Saturday, May 29, 2021

Book discussion, The Only Thing That Matters - Remembering what matters to you.


Remembering what really matters.


The answer to the question “What really matters” is to be found, according to Neale Donald Walsh, not in the head, but in the soul, or as it might be preferred, in the heart.


Walsh writes: “Think this: My soul knows exactly what it is doing. Also think this: My soul already knows what matters. So it is not a question of finding that answer, it is a question of remembering. It is not a process of discovery, it is a process of recovery. This data does not have to be researched, it merely has to be retrieved.” p.4


When I am in counseling sessions with people I’ll ask a question and the person will respond too quickly, “I don’t know.”


I will say, “Yes you do,” and ask the question again.


If they say, “I don’t know” again, I say, “Guess,” and they always come up with some answer where we can begin the remembering, the retrieval.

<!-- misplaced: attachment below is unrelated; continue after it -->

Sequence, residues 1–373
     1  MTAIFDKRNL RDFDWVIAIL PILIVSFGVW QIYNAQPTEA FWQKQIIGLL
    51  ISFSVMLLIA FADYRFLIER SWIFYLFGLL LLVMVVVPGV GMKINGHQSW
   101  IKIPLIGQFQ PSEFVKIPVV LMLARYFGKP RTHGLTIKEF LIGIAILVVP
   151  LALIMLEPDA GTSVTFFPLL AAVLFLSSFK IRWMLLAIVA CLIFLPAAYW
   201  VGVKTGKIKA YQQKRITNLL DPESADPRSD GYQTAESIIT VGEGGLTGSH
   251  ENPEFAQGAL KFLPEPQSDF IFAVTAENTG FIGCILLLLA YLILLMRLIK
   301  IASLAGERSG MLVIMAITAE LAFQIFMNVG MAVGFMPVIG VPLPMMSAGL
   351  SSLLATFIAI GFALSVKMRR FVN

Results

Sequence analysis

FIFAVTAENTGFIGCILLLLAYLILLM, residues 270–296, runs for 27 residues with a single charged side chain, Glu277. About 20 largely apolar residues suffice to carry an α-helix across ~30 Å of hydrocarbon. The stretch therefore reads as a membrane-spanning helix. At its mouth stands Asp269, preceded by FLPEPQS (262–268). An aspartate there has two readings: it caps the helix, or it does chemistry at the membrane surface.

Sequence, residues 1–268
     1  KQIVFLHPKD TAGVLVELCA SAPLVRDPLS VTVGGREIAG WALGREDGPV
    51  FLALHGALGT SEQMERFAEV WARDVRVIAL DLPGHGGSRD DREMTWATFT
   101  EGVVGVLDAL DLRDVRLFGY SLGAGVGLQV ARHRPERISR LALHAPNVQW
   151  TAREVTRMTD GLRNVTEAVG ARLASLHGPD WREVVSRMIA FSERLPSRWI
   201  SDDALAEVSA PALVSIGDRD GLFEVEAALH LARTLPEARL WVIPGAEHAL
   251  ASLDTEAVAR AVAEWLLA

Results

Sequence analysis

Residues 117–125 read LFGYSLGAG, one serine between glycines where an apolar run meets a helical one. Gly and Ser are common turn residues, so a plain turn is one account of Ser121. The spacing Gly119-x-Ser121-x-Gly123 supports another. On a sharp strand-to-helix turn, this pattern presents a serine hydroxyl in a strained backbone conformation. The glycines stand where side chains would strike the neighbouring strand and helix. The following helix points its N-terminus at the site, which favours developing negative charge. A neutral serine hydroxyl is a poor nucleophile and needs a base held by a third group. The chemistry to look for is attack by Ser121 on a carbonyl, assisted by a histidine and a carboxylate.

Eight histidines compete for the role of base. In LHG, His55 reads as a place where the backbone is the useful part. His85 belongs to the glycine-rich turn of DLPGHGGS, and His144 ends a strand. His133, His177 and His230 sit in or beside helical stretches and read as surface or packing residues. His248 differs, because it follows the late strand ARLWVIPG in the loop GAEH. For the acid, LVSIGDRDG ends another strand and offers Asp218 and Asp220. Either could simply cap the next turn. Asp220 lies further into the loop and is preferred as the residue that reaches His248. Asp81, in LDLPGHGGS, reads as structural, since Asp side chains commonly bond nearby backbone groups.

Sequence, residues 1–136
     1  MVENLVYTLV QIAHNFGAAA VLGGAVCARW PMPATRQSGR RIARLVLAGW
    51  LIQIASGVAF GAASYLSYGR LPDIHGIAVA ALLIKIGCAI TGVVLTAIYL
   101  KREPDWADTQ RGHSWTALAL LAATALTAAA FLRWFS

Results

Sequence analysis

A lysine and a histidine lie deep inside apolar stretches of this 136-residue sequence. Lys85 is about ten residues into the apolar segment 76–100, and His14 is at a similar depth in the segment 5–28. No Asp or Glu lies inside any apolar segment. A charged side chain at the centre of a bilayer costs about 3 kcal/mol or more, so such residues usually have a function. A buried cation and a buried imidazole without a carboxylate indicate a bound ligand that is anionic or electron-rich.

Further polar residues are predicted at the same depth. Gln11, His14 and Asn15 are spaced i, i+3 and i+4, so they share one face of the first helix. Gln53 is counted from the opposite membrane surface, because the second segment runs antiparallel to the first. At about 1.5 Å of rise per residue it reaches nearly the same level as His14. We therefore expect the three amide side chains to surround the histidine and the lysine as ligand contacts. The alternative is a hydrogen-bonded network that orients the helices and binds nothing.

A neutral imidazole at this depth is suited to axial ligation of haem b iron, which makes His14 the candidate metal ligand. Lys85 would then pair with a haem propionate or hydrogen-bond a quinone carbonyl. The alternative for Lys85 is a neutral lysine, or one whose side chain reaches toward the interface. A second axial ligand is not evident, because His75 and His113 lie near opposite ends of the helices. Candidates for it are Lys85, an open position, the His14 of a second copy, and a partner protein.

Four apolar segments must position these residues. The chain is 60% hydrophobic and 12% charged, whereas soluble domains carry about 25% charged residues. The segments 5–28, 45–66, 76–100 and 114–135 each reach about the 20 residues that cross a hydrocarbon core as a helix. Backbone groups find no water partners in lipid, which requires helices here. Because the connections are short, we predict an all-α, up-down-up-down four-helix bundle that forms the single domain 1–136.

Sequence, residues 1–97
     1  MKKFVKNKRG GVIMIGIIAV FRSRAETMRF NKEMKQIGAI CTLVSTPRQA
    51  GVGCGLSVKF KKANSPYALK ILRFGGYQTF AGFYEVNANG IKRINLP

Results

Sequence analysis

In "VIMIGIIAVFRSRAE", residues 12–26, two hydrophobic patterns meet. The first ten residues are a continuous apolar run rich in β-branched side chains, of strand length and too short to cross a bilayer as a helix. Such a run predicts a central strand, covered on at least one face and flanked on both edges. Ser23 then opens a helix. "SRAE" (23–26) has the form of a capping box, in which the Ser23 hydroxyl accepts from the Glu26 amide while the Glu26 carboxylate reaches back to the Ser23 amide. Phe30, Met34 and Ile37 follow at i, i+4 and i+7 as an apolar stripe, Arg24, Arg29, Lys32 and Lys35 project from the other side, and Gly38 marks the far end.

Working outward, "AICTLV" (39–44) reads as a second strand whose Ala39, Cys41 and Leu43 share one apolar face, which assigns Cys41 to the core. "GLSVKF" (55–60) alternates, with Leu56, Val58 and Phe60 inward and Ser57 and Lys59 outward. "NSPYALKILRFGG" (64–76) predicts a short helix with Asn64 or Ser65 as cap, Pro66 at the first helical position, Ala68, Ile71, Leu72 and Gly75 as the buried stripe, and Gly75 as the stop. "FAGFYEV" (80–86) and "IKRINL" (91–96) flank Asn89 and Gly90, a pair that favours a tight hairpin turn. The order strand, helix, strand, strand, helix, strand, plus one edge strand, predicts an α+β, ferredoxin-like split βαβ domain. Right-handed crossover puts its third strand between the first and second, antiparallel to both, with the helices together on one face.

One of the working assumptions of a good psychotherapist is that the client already knows the answers to their problems. The biggest problem is that they don’t know what they already know. The job of the therapist is to help the person remember what really matters to them. In psychodynamic terms this is called making the unconscious conscious.


It is one thing to know something, and it is another thing to know that you know it. People come to therapy not knowing that they already know, not only what really matters to them but what it would take to realize it.


In Unitarian Universalism we covenant together to affirm and promote the free and responsible search for truth and meaning. What this comes down to is for the person to consciously become aware of what really matters to them. This often takes an interpersonal dialogue where two or more people are joined together in a remembering endeavor. This activity is affirmed and promoted in the third principle of UU which is the acceptance of one another and encouragement to spiritual growth.


When was the last time that you had a conversation about what really matters to you or to them? What would it take for you to have one now or in the near future?


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